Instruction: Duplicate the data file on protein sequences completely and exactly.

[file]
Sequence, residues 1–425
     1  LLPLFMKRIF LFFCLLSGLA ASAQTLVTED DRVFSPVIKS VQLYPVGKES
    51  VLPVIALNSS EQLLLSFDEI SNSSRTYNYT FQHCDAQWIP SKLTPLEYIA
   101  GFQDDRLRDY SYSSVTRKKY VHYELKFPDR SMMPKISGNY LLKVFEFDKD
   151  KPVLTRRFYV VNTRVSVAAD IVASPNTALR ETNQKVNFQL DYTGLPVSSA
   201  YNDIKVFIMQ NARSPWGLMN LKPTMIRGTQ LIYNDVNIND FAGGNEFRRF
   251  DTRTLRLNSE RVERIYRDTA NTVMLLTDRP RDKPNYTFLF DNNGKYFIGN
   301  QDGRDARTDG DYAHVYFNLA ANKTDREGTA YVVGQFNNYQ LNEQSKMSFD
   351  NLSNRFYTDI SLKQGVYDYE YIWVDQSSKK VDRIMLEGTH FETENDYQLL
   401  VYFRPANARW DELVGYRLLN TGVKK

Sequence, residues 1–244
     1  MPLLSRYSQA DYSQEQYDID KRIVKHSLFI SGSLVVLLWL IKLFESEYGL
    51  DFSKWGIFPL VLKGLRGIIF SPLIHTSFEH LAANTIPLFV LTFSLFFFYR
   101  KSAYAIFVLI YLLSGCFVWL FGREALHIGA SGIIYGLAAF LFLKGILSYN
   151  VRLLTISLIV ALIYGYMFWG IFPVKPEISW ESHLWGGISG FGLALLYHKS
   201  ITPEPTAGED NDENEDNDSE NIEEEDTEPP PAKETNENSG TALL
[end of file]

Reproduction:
Sequence, residues 1–425
     1  LLPLFMKRIF LFFCLLSGLA ASAQTLVTED DRVFSPVIKS VQLYPVGKES
    51  VLPVIALNSS EQLLLSFDEI SNSSRTYNYT FQHCDAQWIP SKLTPLEYIA
   101  GFQDDRLRDY SYSSVTRKKY VHYELKFPDR SMMPKISGNY LLKVFEFDKD
   151  KPVLTRRFYV VNTRVSVAAD IVASPNTALR ETNQKVNFQL DYTGLPVSSA
   201  YNDIKVFIMQ NARSPWGLMN LKPTMIRGTQ LIYNDVNIND FAGGNEFRRF
   251  DTRTLRLNSE RVERIYRDTA NTVMLLTDRP RDKPNYTFLF DNNGKYFIGN
   301  QDGRDARTDG DYAHVYFNLA ANKTDREGTA YVVGQFNNYQ LNEQSKMSFD
   351  NLSNRFYTDI SLKQGVYDYE YIWVDQSSKK VDRIMLEGTH FETENDYQLL
   401  VYFRPANARW DELVGYRLLN TGVKK

Sequence, residues 1–244
     1  MPLLSRYSQA DYSQEQYDID KRIVKHSLFI SGSLVVLLWL IKLFESEYGL
    51  DFSKWGIFPL VLKGLRGIIF SPLIHTSFEH LAANTIPLFV LTFSLFFFYR
   101  KSAYAIFVLI YLLSGCFVWL FGREALHIGA SGIIYGLAAF LFLKGILSYN
   151  VRLLTISLIV ALIYGYMFWG IFPVKPEISW ESHLWGGISG FGLALLYHKS
   201  ITPEPTAGED NDENEDNDSE NIEEEDTEPP PAKETNENSG TALL